Tag: Defined Contribution
Is it more than education? Is it a full-blown program or something spontaneous and ad hoc? How frequently is it delivered, and how is it benchmarked? Who delivers it, and when?
The trust and expectation that employees place in their employers to help them prepare effectively for retirement is stronger than ever, and this is both a burden and an opportunity for DC plan sponsors.
Data from BMO GAM shows DC retirement plan fees have fallen for all sizes of plan sponsors except those with between $10 million and $50 million in assets.
Participants in the Lowe’s 401(k) plan have filed an ERISA complaint against their employer and Aon Hewitt Investment Consultants over alleged imprudent investment decisions.
The employer sought to carve out new hires from a critical-status multiemployer pension fund and instead direct their contributions into a 401(k) plan—but both a district court and appellate court have called foul.
Mobile-friendly, responsive web portal design has increased in the retirement industry to match consumers’ rising desires to be able to complete routine tasks without being tethered to a computer.
A new survey shows many Americans are flatly unaware that they can use their health savings account assets accumulated in their working years to pay for health care and long-term care expenses in retirement—believing erroneously the money must be spent or be forfeited each year.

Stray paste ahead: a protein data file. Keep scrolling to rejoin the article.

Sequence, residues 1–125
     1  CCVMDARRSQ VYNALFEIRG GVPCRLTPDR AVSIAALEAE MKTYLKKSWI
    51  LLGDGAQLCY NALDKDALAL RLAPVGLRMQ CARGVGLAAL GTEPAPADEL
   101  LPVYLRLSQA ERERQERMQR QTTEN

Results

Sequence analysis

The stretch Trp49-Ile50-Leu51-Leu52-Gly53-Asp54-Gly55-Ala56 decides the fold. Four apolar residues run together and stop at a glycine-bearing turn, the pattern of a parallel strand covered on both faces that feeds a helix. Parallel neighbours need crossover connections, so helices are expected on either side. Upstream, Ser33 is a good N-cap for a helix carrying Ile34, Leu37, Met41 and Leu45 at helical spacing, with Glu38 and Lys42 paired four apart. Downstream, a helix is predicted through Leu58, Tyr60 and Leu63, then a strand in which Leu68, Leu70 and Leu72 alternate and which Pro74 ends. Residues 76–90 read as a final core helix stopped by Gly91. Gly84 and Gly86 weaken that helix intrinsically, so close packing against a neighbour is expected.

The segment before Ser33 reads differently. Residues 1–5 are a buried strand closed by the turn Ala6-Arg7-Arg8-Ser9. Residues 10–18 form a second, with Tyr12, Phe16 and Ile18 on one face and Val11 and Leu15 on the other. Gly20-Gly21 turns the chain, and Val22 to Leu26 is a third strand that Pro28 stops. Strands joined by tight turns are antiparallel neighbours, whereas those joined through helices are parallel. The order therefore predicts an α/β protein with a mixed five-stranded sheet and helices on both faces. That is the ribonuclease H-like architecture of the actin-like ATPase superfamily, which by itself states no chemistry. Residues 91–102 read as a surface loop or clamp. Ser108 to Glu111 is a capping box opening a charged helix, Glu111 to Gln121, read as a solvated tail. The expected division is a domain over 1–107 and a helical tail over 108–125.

An in-depth review of the results of the latest BlackRock Defined Contribution Pulse Survey show the largest plan sponsors continue to push for the most progressive best practices and plan designs.
The agency also offered suggestions for rollovers by participants in foreign retirement plans.
According to the firms, the “one wallet” approach provides employees with a holistic view of their overall wealth and health when electing their workplace benefits.
More plan sponsors this year than last have voiced a concern that their workers may have to delay retirement; this is the case despite the fact that plan participants are broadly feeling much more optimistic.
Since the last study of this kind by CEM Benchmarking, average DB fund costs have increased from 0.40% to 0.60%, whereas DC plan costs have remained constant at 0.39%; overall, DB plans outperformed DC plans in the last decade by only 0.46%.
This increases to 8.9% for men and decreases to 6.4% for women.
A mere 16% currently offer a pension plan to new hires.